中文 English

Unknowns And Challenges In Advanced Packaging

Promex’s CEO looks at what works and what still needs to be fixed.

popularity

Dick Otte, CEO of Promex Industries, sat down with Semiconductor Engineering to talk about unknowns in material properties, the impact on bonding, and why environmental factors are so important in complex heterogeneous packages. What follows are excerpts of that conversation.

SE: Companies have been designing heterogeneous chips to take advantage of specific applications or use cases, but they also need to design advanced packages for those heterogeneous components. Do tools exist to make this work smoothly, because a lot of these are custom designs?

Otte: There are a lot of powerful tools out there. If you look at design software, for example, SolidWorks does a great job for the mechanics. It will go down to sub-micron levels and handles it just fine. And there are expensive software packages for finite element analysis in great depth, and the computing power we have developed makes it viable to do that and get results quickly — sometimes in minutes. But we do not know enough detail about the properties of materials to use them effectively in designs. That’s one of the weaknesses. If you look at a standard data sheet, you would be lucky if it tells you the modulus of elasticity, let alone what the glass transition temperature is and how the modulus changes as you roll through it — especially when combined with the coefficient of thermal expansion. You need to know all that stuff to truly “design” it. The next thing you get into is how do we get the parts? 3D printing is coming along and is helping a lot to improve the availability of parts. But it has some limits, especially surface finish. Today, most of the processes for doing 3D printing give you a relatively coarse finish, somewhere on the order of 300 micro-inches that you can make with that RMS [root mean square] measure of surface finish. That’s too coarse, especially for optical. It’s great for adhesion, because things really stick to these little hills and valleys, but there’s a need for very flat surfaces.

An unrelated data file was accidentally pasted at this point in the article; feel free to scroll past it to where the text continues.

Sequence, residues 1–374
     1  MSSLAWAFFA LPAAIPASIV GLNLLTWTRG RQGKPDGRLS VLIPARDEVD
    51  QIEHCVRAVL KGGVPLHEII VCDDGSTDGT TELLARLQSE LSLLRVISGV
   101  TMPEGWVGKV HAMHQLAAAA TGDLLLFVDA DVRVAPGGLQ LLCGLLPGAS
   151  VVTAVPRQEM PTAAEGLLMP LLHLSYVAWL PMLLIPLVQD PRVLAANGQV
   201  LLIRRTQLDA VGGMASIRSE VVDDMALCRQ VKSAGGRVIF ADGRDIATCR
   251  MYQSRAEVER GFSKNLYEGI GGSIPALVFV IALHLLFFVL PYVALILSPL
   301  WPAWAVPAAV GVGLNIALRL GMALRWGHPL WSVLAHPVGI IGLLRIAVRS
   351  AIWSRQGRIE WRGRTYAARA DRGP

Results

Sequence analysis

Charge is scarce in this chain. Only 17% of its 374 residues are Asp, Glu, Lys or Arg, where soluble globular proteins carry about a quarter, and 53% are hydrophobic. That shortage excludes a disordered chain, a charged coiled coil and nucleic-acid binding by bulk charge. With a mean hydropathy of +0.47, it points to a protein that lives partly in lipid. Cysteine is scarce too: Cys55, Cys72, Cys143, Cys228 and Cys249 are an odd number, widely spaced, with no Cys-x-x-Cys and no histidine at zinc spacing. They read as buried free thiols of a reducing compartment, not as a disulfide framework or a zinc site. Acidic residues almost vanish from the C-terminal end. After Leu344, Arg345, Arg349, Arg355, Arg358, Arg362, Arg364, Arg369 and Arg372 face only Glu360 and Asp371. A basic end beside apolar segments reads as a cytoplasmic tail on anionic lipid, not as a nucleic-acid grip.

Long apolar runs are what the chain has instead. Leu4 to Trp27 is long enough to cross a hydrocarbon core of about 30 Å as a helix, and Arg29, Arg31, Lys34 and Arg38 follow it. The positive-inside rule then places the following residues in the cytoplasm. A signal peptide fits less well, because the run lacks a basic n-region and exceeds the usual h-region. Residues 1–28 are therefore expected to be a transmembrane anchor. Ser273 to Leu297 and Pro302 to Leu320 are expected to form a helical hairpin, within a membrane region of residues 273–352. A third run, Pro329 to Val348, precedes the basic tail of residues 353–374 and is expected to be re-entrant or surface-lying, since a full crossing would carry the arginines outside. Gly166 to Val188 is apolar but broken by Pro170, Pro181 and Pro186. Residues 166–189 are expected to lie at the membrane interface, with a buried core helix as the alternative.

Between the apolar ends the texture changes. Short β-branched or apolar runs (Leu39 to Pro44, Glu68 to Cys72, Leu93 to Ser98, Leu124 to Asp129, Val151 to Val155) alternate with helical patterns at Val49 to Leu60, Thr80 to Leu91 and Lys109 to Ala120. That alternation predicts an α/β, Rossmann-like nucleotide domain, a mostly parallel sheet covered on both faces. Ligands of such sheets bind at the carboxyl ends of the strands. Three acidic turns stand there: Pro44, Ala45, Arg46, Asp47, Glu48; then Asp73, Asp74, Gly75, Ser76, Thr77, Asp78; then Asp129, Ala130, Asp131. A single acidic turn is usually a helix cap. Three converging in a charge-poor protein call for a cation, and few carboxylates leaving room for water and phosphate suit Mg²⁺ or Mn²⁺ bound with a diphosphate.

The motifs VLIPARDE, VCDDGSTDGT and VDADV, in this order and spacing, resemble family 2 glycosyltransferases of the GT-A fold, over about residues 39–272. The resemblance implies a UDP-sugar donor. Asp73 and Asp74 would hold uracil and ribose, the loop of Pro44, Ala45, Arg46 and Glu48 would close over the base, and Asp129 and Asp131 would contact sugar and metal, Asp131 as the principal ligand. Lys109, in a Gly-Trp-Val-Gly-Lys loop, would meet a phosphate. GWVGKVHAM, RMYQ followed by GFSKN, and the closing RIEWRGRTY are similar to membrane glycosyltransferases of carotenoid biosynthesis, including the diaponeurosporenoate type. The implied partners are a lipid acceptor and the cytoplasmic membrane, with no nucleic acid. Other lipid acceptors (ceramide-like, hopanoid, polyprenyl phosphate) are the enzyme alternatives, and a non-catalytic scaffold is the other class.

SE: This is basically the equivalent of line-edge roughness at very advanced nodes, right?

Otte: Yes, and that’s a good analogy. There also is a lot of effort being spent around MEMS. While MEMS traditionally has been done in silicon, we’re starting to see those processes utilize other materials. Etching of metals has been commonly done on sheets. And so where can we go with those kinds of lithographic techniques to get really high-resolution parts? And once you get the parts, how do you join them together. You may have a glass part, a plastic part, and a metal part. How do I join them? The first problem you have is getting sufficient adhesion to the surface. Then, once that problem is addressed, how do I keep it together when I thermally cycle it? If the ceramic has got a 3 ppm coefficient of expansion, and this polymer I use because I like its optical properties is at 50 ppm, what happens when I cycle it to 150°C to meet MIL-STD-883? The answer is that it comes apart.

SE: What other challenges are you seeing?

Otte: Once you get the device assembled, how do you get it to tolerate the environmental requirements. And what are they? There’s a tendency for people to go back to the old Bell standards, MIL-STD-883. The cell phone guys gave up on that a long time ago. They’ve got their own criteria that’s relevant. One of the key things designers of commercial devices have to contend with is whether the requirements are real for their environment? In Florida, there is high humidity. In Saudi Arabia, you have wind and dust and high temperatures. And these devices need to work in the Arctic, too.

SE: So the ambient temperatures are critical?

Otte: Yes, but so are humidity and water absorption, which often are not well addressed in material data sheets. What is the impact on dielectric constants? What are the physical dimensions and is there a tendency for it to blow up when you heat it? After all that, when you get the product out into the real world, you still can run into unanticipated consequences, like the kid who swallows little batteries. How do you plan for that?

SE: And when you package different components together, there are a lot of variables. How do you address that?

Otte: You have to start with the basics. What are the characteristics of these parts? What am I trying to accomplish in terms of connections? There’s almost always a workable solution, but you pay a price here. For example, wire-bonding is still one of the most widely used interconnect methods because it’s so versatile. You can run a little wire from one place to another and it works. The bad news is that you have parasitics, the devices are fragile, and you have to fit it all into a limited space.

SE: Is there sufficient training and talent to deal with that?